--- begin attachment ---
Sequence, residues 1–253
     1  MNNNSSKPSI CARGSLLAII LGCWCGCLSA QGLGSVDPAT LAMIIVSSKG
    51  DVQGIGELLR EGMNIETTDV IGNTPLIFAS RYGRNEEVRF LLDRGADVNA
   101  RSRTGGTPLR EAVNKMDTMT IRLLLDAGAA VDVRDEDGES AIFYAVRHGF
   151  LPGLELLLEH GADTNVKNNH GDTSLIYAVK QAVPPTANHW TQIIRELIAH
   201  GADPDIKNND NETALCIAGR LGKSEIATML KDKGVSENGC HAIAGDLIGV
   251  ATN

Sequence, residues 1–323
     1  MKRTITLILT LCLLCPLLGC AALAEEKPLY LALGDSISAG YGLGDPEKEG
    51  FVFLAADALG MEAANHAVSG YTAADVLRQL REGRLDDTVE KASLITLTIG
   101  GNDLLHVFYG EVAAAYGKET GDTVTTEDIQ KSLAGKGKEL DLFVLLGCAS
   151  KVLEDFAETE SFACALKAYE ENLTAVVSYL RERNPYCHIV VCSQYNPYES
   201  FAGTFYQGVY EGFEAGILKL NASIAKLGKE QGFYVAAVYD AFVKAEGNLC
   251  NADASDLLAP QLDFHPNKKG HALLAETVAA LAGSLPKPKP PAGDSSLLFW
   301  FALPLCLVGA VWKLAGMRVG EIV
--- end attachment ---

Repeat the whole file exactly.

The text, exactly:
Sequence, residues 1–253
     1  MNNNSSKPSI CARGSLLAII LGCWCGCLSA QGLGSVDPAT LAMIIVSSKG
    51  DVQGIGELLR EGMNIETTDV IGNTPLIFAS RYGRNEEVRF LLDRGADVNA
   101  RSRTGGTPLR EAVNKMDTMT IRLLLDAGAA VDVRDEDGES AIFYAVRHGF
   151  LPGLELLLEH GADTNVKNNH GDTSLIYAVK QAVPPTANHW TQIIRELIAH
   201  GADPDIKNND NETALCIAGR LGKSEIATML KDKGVSENGC HAIAGDLIGV
   251  ATN

Sequence, residues 1–323
     1  MKRTITLILT LCLLCPLLGC AALAEEKPLY LALGDSISAG YGLGDPEKEG
    51  FVFLAADALG MEAANHAVSG YTAADVLRQL REGRLDDTVE KASLITLTIG
   101  GNDLLHVFYG EVAAAYGKET GDTVTTEDIQ KSLAGKGKEL DLFVLLGCAS
   151  KVLEDFAETE SFACALKAYE ENLTAVVSYL RERNPYCHIV VCSQYNPYES
   201  FAGTFYQGVY EGFEAGILKL NASIAKLGKE QGFYVAAVYD AFVKAEGNLC
   251  NADASDLLAP QLDFHPNKKG HALLAETVAA LAGSLPKPKP PAGDSSLLFW
   301  FALPLCLVGA VWKLAGMRVG EIV